NEW YORK (Reuters)—U.S. antitrust officials on Thursday moved to block an unprecedented consolidation of the national health insurance market, filing suit against Anthem Inc.’s proposed purchase of Cigna Corp. and Aetna Inc.’s planned acquisition of Humana Inc.
The U.S. Department of Justice (DOJ) says the two mergers would reduce competition, raise prices for consumers and stifle innovation if the number of large, national insurers were to fall from five to three.
“We will not hesitate to intervene. We will not shy away from complex cases,” U.S. Attorney General Loretta Lynch told a news conference. “We will protect the interests of the American people.”
The mergers would create an unacceptable risk of higher insurance premiums on the exchanges created under President Barack Obama’s national healthcare reform law, says Principal Deputy Associate Attorney General William Baer, who spearheaded the antitrust reviews. “We have no doubt that these mergers would reduce competition from what it is today.”
In the suit against Aetna, the DOJ cited specific concerns about damage to 1.6 million people in 364 counties who are customers of Medicare Advantage, the program that serves older people. It also said there were issues for those individual plans, where the government has been trying to spur competition and keep prices low.
In the suit against the Anthem-Cigna merger, the antitrust regulators said the $45-billion combination would substantially lessen competition in an already consolidated industry, harming millions of Americans, doctors and hospitals.
The DOJ says it was concerned about the impact on the national corporate business, which serves large companies that employ workers around the country and it said has only four competitors.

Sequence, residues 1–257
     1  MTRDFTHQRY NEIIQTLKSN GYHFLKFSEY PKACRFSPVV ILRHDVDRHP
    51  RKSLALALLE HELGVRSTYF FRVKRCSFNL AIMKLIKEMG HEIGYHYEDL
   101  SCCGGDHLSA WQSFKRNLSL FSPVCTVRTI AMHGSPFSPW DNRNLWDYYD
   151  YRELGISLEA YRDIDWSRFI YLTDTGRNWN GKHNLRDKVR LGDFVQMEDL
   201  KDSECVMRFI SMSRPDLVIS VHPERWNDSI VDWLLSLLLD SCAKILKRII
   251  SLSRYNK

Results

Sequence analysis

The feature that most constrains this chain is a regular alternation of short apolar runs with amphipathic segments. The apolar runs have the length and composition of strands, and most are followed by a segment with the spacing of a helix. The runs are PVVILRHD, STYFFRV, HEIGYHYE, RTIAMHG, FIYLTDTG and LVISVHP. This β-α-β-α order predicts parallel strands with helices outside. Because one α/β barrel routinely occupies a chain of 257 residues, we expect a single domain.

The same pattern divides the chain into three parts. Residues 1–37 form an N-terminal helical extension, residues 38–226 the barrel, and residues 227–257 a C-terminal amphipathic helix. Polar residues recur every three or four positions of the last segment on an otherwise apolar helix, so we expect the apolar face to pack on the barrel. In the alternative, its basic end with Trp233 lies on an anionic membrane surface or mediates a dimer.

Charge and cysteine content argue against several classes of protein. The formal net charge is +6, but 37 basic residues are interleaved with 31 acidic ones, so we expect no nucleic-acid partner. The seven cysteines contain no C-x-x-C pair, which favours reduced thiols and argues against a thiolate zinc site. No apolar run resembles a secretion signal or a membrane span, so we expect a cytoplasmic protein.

It also says there were issues with local business markets, the individual exchanges and the impact that a combined company could have on contracts with doctors.
Aetna and Anthem had proposed asset sales to the regulators, but they did not create strong enough competitors and they did not solve the issues, Baer said.
Cigna says it was currently evaluating its options. It does not believe the transaction would close in 2016, and the earliest it would close would be in 2017, “if at all.”
Aetna and Humana say they plan “to vigorously defend the companies’ pending merger,” which is worth $33 billion.
Eleven states and the District of Colombia joined the DOJ suit against Anthem and Cigna; eight states and DC joined the suit against Aetna and Humana.
There are currently five national health insurers, and the deals would reduce that number to three. The health insurers have argued that the deals would help them lower prices for consumers by expanding their reach at a time when the nation is facing a constant price rise.